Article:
Created By: neoYTPism on May 8, 2011 Last Edited By: Arivne on May 19, 2013

Scenery Dissonance

Unpleasant events occurring in settings that are pleasant to look at.

Name Space:
Main
Page Type:
Trope
"He was distressed to think that something so nasty could happen somewhere as idyllic as this."

Do We Have This One?? Oh, and I'm open to title suggestions. (That, and suggestions for alternate page images, or reasons for or against the current one.)

(EDIT: THIS TROPE DOES NOT YET HAVE A DEFINITION. While unpleasant events with pleasant scenery qualify as this trope, whether or not pleasant events in unpleasant scenery qualify is as of yet undecided. Reasons for or against this go in the comments section.)

A form of Mood Dissonance, this is when unpleasant scenarios are presented in settings with pleasant scenery, or pleasant scenarios are presented in settings with unpleasant scenery.

For the former, the impact of the whole can be more than that of the sum of its parts, whether because it seems a waste that the character enjoyment of the scenery is curtailed by the situation, or for whichever other reason.

Compare Crapsaccharine World, except that this refers to a moment rather than the setting. See also Daylight Horror.

Subjective, of course.

Examples:

Art
  • Often happens in painting. Pre-Raphaelites and similar do this. Ophelia is a good example that you have probably seen, in fact there are several different versions, though the definitive one is linked here. Defiantly not a dead-horse in art one might add.

Film
  • Many moments in Star Wars
  • Winter's Bone is a chain of horrible events, set in beautiful, snowy forests environments.
  • In In Bruges, the beauty of the titular city is a plot point. Almost all the main characters die. Some of them very gorily.
  • The movie The Rundown mostly takes place in beautiful South American jungles, contrasted with a brutally oppressed town and a lot of fast-paced gun violence...and some horny monkeys.
  • The original The Wicker Man - especially the final scene - was all about this.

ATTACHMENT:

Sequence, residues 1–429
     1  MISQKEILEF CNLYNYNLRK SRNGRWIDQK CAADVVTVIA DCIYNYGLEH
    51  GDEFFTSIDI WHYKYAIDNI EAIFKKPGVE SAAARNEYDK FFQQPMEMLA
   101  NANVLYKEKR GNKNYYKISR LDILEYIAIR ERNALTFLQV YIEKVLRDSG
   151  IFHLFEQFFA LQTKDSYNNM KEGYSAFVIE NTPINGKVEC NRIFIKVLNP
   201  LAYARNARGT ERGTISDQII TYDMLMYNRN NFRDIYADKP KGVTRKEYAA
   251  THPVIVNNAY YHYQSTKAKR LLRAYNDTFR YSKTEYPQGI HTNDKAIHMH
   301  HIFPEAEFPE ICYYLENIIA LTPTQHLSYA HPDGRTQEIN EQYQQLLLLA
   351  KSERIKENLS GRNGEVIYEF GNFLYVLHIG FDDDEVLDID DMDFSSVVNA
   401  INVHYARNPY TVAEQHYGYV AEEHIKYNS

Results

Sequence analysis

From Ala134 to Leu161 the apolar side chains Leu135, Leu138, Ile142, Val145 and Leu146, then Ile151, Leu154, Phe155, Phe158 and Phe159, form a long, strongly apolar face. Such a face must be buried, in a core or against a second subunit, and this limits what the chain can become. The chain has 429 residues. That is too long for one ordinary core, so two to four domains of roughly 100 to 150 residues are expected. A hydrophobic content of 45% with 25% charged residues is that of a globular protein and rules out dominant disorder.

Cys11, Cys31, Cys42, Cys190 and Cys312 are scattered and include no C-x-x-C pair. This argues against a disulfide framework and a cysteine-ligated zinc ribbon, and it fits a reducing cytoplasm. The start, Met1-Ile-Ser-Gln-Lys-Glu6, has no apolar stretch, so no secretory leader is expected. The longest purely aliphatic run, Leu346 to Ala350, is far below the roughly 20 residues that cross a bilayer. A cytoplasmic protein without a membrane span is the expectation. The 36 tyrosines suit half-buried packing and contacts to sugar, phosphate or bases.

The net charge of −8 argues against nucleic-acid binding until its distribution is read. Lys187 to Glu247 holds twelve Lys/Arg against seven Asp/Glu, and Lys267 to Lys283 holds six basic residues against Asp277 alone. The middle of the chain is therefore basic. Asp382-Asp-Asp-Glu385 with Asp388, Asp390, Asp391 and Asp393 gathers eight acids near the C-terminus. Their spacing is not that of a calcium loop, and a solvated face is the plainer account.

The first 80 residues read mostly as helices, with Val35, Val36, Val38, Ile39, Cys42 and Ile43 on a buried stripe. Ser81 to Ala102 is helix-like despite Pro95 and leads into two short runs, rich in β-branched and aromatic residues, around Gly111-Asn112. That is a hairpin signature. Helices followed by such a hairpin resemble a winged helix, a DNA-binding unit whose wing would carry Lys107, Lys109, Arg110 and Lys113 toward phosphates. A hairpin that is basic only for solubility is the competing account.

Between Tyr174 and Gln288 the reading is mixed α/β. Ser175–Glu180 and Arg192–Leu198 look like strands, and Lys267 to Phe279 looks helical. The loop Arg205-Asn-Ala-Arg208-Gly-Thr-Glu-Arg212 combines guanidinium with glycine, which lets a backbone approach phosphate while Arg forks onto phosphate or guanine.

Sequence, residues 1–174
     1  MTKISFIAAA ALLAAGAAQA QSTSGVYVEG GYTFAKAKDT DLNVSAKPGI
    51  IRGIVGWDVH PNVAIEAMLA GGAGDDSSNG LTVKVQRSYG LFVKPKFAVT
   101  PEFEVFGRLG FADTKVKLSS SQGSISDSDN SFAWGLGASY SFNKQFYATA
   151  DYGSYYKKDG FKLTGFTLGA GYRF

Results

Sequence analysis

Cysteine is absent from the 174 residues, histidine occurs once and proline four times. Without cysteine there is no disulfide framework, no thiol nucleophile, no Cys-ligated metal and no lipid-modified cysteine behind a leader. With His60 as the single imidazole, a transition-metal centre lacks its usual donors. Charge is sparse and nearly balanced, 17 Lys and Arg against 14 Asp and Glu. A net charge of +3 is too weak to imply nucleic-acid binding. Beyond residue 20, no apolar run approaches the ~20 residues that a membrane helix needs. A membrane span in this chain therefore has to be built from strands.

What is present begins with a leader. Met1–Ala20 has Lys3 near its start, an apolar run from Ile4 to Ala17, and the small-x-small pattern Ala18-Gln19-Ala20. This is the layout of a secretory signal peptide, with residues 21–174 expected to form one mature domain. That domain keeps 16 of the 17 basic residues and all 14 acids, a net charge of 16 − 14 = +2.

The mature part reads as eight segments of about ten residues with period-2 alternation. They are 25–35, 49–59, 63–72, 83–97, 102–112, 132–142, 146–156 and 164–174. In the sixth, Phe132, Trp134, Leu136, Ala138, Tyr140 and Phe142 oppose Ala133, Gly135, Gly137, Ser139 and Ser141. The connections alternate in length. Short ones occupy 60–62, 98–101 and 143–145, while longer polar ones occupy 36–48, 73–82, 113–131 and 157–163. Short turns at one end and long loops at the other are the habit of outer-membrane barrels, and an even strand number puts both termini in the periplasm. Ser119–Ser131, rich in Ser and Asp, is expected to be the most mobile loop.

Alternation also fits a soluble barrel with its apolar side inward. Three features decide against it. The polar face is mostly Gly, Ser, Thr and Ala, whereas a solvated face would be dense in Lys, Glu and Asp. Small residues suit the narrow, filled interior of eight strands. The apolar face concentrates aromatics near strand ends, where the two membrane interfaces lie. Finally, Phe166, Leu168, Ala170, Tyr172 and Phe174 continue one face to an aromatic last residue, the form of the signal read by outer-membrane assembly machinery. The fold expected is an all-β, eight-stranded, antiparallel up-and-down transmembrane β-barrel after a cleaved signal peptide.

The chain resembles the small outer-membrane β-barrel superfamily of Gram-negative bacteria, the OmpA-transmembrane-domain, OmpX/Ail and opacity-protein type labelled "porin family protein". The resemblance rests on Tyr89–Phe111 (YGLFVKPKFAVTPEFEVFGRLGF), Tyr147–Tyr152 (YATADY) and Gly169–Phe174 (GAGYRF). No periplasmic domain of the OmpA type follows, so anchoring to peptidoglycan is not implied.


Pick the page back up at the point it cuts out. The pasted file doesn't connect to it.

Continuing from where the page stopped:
• The Thin Red Line is a recent-ish example of the "WWII in a tropical paradise" scenario mentioned above.
  • A lot of the ultraviolence in A Clockwork Orange takes place in picturesque surroundings: the abandoned casino, the writer's modernist house, the cat-lady's art gallery...

Literature
  • The Road contains some horrific things. Whether or not the washed-out, decaying landscape is beautiful or not can be debated.
  • Lord of the Flies takes place on a paradise island, and is about a group of schoolchildren growing increasingly savage and inhuman after losing contact with the civilized world.
  • The Republic Of Trees - a group of teenagers escape to the forest, trying to build a new society free from all the crap created by the adults and end up re-enacting the horrors of the French Revolution.
  • The nineteenth-century novel Lady Audleys Secret invokes this trope by specifically stating that though we might think of the English countryside as idyllic and pastoral, there are as many gruesome murders committed there as there are in the city.

Live-Action TV
  • Carnivāle takes place in some really scenic settings, and is features occasional horrifying violence.

Music
  • The Nick Cave and the Bad Seeds song "Where the Wild Roses Grow" is a murder ballad set in a very pretty environment. The video is a nice supplement.